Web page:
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Seven Things You Can Do to Fight Childhood Slavery

In the March 2012 issue of Redbook magazine, writer Alison Storm lists seven things you can do to ‘Save a Child From Slavery.’

Back in November after reading the horrifying book “Half the Sky” by Nicholas Kristof and Sheryl WuDunn I committed to help the plight of girls and women in the developing world.

"Half the Sky" brilliantly drives home the point that in too much of the world girls and women are abused, trafficked, mutilated, enslaved, and even murdered for largely cultural reasons. Every bit of this is immoral and wrong. It must not be allowed to continue and none of us can sit idly by while it happens.

Here then is Alison Storm’s list:
  1. Face the Facts.’ By this she means that slavery and forced labor is more prevalent now than at any time in human history. Perhaps 5.7 million children worldwide are forced to work in factories, fields and brothels. The charity Love146 fights child sex slavery and exploitation specifically.
  2. Shop for Fair Trade Jewelery and Handbags at store.madebysurvivors.com.' The cause offers economic opportunity to poor Indian girls and women who might otherwise be drawn into the brothels.
  3. Find Out How Many Slaves Work for You by Answering 11 Questions at Slaveryfootprint.org.' I’ve profiled the site/app in the past and was dismayed that my number was 65, something I’m working on.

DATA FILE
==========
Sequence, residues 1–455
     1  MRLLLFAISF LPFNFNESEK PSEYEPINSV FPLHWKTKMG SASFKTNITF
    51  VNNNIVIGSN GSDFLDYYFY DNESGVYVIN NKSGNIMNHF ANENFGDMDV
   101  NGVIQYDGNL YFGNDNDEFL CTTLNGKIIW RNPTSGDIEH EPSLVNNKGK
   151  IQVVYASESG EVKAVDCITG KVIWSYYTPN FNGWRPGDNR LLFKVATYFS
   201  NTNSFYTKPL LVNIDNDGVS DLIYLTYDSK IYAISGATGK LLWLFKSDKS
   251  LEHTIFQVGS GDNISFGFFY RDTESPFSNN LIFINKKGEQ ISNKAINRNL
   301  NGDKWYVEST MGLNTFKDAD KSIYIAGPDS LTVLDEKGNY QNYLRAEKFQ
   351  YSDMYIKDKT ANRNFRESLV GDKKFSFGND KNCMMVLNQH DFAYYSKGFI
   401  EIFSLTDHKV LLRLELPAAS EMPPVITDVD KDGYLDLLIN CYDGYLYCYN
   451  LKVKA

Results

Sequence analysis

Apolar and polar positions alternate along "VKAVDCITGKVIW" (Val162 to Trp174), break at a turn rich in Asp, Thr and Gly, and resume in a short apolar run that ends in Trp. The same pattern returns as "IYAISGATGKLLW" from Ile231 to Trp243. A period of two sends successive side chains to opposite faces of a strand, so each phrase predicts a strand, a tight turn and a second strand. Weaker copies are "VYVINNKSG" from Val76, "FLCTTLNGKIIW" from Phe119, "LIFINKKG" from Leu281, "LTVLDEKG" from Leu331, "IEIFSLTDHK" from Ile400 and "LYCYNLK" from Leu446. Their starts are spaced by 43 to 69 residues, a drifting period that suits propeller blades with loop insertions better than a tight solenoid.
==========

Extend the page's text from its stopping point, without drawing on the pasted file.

4. Educate a Freed Child Slave in East India for One Year.’ For about $160 a year Mercy 29 can educate a child freed from slave labor. And education, especially of girls, is the strongest card to play in the fight against poverty and enslavement. Mercy 29 also works in Africa.
  5. Scan the Barcodes of Your Favorite Products Using the Free2Work Smartphone App to Find Out Which Companies Are Working to Eliminate Forced Labor From Their Supply Chains.’ The app, which is still forthcoming, comes from the nonprofit called Not for Sale and grades some 300 brands.
  6. Give Whatever You Can to Save the Children.’ I second that sentiment.
  7. Report a Potential Trafficking Situation.’ Resources include the National Human Trafficking Resource Center (888-373-7888) or online at polarisproject.org/report-a-tip. Human trafficking, especially of women and children, is a shame anywhere and dark stain on any society that tolerates it. But it simply cannot be countenanced anywhere in the developed world where the laws are clear and enforcement has real teeth. If you see it, report it.

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